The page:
Today was removing, cleaning, and reinstalling the drain in the bathroom sink, because it plugged up like it does every three months. The drainline to the main stack doesn't have enough slope to it. The fix is to tear out the bathroom wall and raise the line, but I tried that when I redid the kitchen. It's 3" copper pipe. Getting a three way joint in 3" pipe hot enough to shift the tubing is almost impossible. Maybe next time I'll insulate behind it with unitherm or something and use the glass torch.

I'm almost finished cleaning up all the mess from the flood when the window blew out in the middle of a blizzard. Almost.

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(no subject) [Mar. 27th, 2019|07:37 pm]
sprockets, sockets, grommets & gaskets
I also saw a goose sitting on top of a gray toyota corolla, hissing at passers-by.

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(no subject) [Mar. 27th, 2019|07:30 pm]
sprockets, sockets, grommets & gaskets
We went for a lunch bike ride. I got buzzed by a vulture because I was looking weak.
We stopped at a long stoplight where our road crosses a major four lane highway. Facing us across the road was a brown 90s hooptymobile and the driver was shrieking loudly enough to hear. I picked up the word “pedophile”. Light turned green and we started to cross. She pulled partway out into the intersection, stopped, put her cellphone out the window pointed at us and started screaming “there go the gay Nazi pedophile Zionists! I hope you are having a horrible day you dirty pedophiles!” as the cars vehind her began honking and swerving around her. So on some obscure Facebook conspiracy group there is a video of me smiling and waving as this woman screams abuse at us.
Which, let’s face it, beats being run over.

When I posted the above on Strava ("Grindr for bike racers!") my friend Bill, who I'm gonna name-drop because he either wins or takes second place in the US Nationals for his age group in road racing, crits, and team time trials every year for like the last 10 years, responded "maybe she thought you were a Merckxist!" which will be hilarious to about two people who aren't me.

My friend Tonya would accost people who took pictures of her and demand they destroy the pictures because she had extremely strong ideas about privacy, which I admire. I did not attempt to have anything like this conversation with Crazypants because there are few ideas worse than engaging with someone who is sitting in a two ton block of motorized steel when you're wearing about 28 grams of lycra and a pair of dirty shoes.

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(no subject) [Mar. 24th, 2019|07:46 pm]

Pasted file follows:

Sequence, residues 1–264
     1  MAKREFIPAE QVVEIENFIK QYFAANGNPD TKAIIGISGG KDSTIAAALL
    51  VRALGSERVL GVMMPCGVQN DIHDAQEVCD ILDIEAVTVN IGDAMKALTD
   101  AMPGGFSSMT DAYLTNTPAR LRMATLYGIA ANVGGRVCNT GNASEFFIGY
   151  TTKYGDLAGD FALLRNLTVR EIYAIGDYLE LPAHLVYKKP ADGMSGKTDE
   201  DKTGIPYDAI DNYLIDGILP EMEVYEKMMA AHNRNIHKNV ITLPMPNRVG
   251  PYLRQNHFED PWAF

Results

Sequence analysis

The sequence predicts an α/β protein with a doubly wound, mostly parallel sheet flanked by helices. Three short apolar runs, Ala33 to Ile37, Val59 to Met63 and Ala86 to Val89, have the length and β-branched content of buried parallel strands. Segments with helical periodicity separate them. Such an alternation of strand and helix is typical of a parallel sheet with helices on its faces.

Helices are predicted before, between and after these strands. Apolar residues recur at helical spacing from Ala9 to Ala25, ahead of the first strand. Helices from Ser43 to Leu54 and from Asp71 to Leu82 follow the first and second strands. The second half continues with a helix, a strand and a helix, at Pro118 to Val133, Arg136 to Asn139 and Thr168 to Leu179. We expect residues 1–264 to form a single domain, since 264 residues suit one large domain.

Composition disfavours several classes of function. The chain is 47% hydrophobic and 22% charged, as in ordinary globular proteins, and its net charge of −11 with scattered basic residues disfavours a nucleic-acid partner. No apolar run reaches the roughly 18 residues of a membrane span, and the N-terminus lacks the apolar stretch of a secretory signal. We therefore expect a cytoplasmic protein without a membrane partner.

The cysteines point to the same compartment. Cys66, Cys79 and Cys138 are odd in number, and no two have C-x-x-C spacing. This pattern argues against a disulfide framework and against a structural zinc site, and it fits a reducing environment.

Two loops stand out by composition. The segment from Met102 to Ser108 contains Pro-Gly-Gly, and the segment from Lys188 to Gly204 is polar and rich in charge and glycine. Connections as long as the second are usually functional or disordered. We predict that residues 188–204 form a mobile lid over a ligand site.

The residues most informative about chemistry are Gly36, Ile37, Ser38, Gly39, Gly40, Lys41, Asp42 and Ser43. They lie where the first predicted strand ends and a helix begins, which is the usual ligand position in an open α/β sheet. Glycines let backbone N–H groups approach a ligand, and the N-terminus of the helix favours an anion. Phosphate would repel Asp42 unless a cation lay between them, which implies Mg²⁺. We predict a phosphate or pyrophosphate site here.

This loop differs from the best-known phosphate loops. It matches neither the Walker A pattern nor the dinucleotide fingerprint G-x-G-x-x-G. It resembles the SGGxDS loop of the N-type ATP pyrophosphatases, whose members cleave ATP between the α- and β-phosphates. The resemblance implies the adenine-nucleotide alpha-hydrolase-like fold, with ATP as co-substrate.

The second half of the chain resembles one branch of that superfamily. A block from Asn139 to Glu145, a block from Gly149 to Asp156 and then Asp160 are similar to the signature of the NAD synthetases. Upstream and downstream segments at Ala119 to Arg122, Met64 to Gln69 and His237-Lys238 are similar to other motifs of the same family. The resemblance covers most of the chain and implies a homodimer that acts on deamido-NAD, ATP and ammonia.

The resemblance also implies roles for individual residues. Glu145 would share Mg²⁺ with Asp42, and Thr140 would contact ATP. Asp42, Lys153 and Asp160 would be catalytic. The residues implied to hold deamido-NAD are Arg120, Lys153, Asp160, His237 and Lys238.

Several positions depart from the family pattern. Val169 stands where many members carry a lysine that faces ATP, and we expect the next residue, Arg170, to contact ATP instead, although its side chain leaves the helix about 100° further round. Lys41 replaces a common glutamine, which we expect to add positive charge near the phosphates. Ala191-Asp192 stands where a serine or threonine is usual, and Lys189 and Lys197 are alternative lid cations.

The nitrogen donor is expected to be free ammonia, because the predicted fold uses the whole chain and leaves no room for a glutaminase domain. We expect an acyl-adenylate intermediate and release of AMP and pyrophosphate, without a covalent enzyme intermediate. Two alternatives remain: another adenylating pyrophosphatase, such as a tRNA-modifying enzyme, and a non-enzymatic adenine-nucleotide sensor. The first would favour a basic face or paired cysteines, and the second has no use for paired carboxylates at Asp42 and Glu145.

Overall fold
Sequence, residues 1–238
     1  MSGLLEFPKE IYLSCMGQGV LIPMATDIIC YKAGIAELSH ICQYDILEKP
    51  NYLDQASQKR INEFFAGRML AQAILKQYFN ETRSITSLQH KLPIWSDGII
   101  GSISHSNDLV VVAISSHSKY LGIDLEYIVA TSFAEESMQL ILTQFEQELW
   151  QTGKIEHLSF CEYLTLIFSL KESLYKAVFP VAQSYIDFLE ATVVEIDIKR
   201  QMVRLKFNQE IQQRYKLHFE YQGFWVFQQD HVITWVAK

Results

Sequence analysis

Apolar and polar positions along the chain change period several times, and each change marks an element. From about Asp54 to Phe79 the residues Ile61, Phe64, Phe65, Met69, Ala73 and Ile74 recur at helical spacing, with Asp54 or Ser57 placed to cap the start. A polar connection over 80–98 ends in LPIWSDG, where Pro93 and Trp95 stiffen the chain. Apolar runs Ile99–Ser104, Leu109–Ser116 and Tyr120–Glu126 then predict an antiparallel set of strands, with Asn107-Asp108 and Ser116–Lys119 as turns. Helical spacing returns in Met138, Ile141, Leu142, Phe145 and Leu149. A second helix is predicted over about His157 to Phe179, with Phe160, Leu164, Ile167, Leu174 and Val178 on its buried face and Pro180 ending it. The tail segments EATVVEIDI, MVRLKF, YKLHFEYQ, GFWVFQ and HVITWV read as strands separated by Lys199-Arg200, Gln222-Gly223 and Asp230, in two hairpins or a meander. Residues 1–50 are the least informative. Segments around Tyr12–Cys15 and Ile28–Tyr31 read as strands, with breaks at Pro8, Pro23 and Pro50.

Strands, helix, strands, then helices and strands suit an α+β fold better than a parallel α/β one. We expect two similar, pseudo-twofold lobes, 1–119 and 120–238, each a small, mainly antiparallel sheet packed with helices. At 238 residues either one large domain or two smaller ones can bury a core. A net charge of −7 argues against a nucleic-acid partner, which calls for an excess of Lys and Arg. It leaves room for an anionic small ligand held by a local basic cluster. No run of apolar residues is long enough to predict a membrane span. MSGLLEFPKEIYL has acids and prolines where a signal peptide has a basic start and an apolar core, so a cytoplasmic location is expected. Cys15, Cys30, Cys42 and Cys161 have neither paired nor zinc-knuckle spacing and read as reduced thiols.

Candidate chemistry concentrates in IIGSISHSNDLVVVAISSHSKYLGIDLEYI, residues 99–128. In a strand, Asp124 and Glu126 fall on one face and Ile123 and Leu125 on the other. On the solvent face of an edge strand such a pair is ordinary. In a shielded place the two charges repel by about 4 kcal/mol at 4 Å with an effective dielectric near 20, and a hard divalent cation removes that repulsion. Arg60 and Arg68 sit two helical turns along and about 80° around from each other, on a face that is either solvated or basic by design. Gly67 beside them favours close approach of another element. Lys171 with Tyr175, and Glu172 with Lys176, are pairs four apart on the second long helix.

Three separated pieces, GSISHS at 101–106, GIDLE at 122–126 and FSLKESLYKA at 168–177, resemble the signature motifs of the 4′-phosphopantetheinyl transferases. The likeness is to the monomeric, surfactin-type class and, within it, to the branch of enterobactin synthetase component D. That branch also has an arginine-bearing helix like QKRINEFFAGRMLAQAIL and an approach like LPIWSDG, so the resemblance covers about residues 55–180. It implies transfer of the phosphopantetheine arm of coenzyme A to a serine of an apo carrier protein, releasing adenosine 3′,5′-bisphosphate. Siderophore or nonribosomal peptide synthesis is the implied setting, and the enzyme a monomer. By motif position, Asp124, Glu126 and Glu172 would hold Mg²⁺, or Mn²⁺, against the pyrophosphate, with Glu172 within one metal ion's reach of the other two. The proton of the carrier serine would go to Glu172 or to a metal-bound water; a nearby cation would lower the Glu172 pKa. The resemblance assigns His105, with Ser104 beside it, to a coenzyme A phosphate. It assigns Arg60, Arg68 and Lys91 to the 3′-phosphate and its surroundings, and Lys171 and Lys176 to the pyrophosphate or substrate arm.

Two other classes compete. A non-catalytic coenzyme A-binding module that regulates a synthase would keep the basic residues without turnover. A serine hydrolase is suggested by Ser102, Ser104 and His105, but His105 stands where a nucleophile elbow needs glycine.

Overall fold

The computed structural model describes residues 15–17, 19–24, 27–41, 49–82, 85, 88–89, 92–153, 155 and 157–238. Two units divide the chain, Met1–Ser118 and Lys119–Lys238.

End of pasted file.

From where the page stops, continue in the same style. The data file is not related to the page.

sprockets, sockets, grommets & gaskets
The window that got blown out of the workshop in the storm, is a wooden frame hinged at the top. The wood is old enough and has taken enough weather-based strife that when it's cleaned up with new glass in it it no longer fits in the window hole. So I need to redo the window panel and make it a little smaller, while still fitting the new sheet of glass.

The workshop's front door has a knob and a deadbolt. There has never been a key for the knob lock, and even if there was, it wouldn't work: someone tried to force it years ago and the key entry is too distorted for use. The problem with this is if someone turns the lock thumbturn, the door locks and I can't open it. (Which is why I added the deadbolt, for which I do have a key.)
This is only partly true. If the knob is locked, until yesterday I could push the door open enough to get the live bolt and latch to separate, because it's a double door and the other door is very poorly held in place.
This morning I added a fairly secure drawbolt and matching aluminum plates on the top and bottom of the secondary door, so now when they're latched, the door is secure against light attempts.
Which means I have to get the knob replaced with one that has a key, preferably a key that matches those in the house.
There are a ton of locksmiths willing to show up at my house and rekey locks, for $40 just to show up, and parts and labor on top of that.
But I did find an old-fashioned locksmith with a storefront who will take an old Schlage live bolt knob (or three: I might as well also get the ones in the garage-to-house door for which we've never had a key either) and redo the tumblers on all of them to match the house key.

This afternoon I spent a bunch of time showing [personal profile] threemeninaboat's protege MiniMe (now rapidly becoming DeciMe as she grows) how to make chainmail. She was pretty good at it, although my giant old armor-quality rings were hard for her to close. I'll find a source for slightly more compliant rings next time around.

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department of late night plumbing problems [Mar. 22nd, 2019|07:41 am]
sprockets, sockets, grommets & gaskets
At midnight I turned on the bathroom sink to brush my teeth. This is the same sink that started leaking two weeks ago and I replaced the valves on both sides; ever since, its flow rate has been terrible, which I attributed to new, lower-flow valves. Well, it was particularly terrible. I think I've seen large dogs slobber at a higher flow rate than it was flowing. I'd turned on only the hot tap, and thought maybe if I turned on the cold tap it'd flow a bit more.
It didn't increase the flow volume at all.
A light bulb went on over my head: if 1+1 !> 1, it's not the valves that are the problem.
I pulled out my trusty leatherman do-everything multitool that [personal profile] threemeninaboat gave me years ago, deployed the pliers configuration, and wrenched the aerator loose, unscrewed it, and took it all apart. It was completely jammed with slightly tacky black material, so I spent a while with a dental pick, poking it out of the screen and the diffuser. I'm pretty sure that's the remains of the insides of the o-rings that sealed the old valves.
Now the sink runs at a higher flow volume than the drain can handle, which is progress of some sort.